Micrographs of grades of skin graft-versus-host-disease. Credit: Sakhila Ghimire, Daniela Weber, Emily Mavin,Xiao nong Wang,Anne Mary Dickinson and Ernst Holler1 /

The California Institute of Regenerative Medicine (CIRM) has awarded $3.46m Clinical Stage Research Programme (CLIN1) grant to Ossium Health for advancing OSSM-007 development to treat steroid-refractory acute graft versus host disease (GVHD).

OSSM-007 is the interferon-gamma primed mesenchymal stem cell product of Ossium Health.

The grant will help in expediting pre-clinical and manufacturing activities of the product.

The company intends to commence clinical study activities by the end of this year.

Acute GVHD occurs following allogeneic hematopoietic stem cell transplants (HCT).

It is a reaction where immunocompetent donor cells (the graft) identify and attack the tissues of a recipient.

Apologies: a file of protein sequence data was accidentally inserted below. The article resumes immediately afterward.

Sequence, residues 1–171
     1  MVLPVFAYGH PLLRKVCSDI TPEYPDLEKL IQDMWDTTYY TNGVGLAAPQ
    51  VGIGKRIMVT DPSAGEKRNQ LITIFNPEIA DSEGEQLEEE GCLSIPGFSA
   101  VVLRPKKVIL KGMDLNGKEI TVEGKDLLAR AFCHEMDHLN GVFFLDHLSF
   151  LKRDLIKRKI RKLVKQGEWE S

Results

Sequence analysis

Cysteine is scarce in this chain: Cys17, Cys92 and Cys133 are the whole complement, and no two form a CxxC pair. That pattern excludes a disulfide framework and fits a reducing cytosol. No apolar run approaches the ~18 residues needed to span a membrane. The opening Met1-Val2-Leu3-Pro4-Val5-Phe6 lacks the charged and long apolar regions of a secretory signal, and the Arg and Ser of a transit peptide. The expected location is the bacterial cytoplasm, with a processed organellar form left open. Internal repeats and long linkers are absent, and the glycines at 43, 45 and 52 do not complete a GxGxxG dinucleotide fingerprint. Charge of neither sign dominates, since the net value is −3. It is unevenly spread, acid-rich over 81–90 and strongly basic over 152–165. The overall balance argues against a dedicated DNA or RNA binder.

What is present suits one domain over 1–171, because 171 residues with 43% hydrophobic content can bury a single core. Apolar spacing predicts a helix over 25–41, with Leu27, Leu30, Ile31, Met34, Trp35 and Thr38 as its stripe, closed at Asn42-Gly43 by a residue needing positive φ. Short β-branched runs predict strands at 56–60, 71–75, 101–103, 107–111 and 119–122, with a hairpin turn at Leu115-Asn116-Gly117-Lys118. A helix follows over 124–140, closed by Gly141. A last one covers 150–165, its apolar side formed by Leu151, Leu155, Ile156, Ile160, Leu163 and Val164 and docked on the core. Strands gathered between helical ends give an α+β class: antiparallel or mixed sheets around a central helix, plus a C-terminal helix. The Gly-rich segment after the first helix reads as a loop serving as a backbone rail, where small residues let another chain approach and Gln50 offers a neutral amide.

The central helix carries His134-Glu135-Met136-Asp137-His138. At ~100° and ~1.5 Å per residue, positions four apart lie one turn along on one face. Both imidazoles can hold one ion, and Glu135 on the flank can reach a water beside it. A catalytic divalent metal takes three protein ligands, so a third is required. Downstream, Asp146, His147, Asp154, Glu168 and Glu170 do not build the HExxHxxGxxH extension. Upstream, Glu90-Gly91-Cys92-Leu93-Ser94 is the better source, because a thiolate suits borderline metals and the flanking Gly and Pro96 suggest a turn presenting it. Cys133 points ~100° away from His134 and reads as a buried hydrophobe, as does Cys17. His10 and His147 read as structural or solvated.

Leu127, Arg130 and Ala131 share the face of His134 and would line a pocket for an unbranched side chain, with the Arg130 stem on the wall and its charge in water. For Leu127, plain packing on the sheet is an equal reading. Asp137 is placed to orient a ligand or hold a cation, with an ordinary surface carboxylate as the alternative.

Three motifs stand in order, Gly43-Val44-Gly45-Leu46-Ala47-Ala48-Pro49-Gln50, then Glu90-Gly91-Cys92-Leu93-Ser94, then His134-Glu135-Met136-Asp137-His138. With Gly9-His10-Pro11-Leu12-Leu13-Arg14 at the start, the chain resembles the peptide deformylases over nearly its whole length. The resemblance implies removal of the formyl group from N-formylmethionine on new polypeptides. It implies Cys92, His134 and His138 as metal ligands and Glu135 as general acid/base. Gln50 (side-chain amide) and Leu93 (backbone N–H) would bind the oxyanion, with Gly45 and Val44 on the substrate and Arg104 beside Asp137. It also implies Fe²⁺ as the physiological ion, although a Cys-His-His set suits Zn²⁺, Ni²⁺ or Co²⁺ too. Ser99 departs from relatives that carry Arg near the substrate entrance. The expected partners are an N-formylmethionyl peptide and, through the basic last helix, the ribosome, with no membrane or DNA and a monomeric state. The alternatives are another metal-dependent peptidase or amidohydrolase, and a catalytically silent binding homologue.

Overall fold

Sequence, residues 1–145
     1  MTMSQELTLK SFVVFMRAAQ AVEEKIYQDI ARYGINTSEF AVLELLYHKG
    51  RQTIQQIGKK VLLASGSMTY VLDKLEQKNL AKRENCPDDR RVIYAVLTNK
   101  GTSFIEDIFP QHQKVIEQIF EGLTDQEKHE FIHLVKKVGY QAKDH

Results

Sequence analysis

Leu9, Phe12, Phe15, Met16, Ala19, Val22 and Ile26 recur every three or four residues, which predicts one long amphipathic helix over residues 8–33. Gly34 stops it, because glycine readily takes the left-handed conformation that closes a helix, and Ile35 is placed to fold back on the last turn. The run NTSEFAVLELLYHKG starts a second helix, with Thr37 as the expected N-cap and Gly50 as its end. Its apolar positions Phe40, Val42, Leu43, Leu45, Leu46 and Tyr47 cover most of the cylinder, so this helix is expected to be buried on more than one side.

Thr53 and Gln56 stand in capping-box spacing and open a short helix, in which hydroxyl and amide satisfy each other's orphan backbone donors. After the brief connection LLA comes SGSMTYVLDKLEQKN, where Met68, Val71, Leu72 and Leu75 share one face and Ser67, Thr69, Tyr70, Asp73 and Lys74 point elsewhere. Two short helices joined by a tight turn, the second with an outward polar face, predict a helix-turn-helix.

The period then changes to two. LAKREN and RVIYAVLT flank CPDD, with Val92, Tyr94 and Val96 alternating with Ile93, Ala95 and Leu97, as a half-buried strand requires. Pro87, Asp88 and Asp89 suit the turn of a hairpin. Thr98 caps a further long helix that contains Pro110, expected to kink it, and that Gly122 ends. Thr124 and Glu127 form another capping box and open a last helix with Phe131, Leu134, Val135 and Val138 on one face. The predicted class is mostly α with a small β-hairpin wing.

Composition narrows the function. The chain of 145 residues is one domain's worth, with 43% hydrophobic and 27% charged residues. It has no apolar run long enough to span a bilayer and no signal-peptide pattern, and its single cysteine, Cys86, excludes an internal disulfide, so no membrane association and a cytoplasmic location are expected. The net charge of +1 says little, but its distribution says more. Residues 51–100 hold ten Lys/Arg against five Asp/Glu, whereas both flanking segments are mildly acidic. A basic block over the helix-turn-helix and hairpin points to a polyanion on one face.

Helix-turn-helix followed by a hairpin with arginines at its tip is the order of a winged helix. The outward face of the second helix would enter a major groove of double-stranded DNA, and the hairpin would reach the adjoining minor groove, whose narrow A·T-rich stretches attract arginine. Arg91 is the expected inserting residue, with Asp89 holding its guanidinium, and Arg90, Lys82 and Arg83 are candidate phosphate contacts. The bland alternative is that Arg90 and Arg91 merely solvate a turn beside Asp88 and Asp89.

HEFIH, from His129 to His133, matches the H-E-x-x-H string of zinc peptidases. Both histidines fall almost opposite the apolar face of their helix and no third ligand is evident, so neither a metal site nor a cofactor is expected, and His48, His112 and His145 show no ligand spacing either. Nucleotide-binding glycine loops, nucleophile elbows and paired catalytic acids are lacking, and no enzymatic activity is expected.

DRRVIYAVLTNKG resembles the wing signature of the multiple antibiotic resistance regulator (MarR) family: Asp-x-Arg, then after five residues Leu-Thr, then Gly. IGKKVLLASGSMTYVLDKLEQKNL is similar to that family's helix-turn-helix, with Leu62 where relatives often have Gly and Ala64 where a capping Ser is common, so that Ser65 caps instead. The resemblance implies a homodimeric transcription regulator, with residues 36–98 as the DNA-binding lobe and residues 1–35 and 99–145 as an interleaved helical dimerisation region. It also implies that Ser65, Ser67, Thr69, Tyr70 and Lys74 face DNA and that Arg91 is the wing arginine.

According to Ossium Health, nearly 30 to 60% allogeneic HCT recipients develop acute GVHD and approximately half of them will become refractory to systemic steroid therapy.

Ossium Health CEO and co-founder Kevin Caldwell said: “We’re thrilled to partner with CIRM and appreciate their ongoing commitment to advancing research in stem cell-based therapeutics.

“This grant will accelerate Ossium’s development of OSSM-007 and is a crucial step towards a powerful new treatment option for patients with GVHD.”

The company uses its deceased donor bone marrow banking platform for developing cell therapies.

These therapies are being assessed to treat orthopaedic trauma, haematologic diseases, and organ rejection.

In March this year, the US Food and Drug Administration (FDA) accepted Ossium Health’s Investigational New Drug (IND) application for OSSM-001 to treat refractory perianal fistulas in Crohn’s disease patients.

Cell & Gene Therapy coverage on Pharmaceutical Technology is supported by Cytiva.

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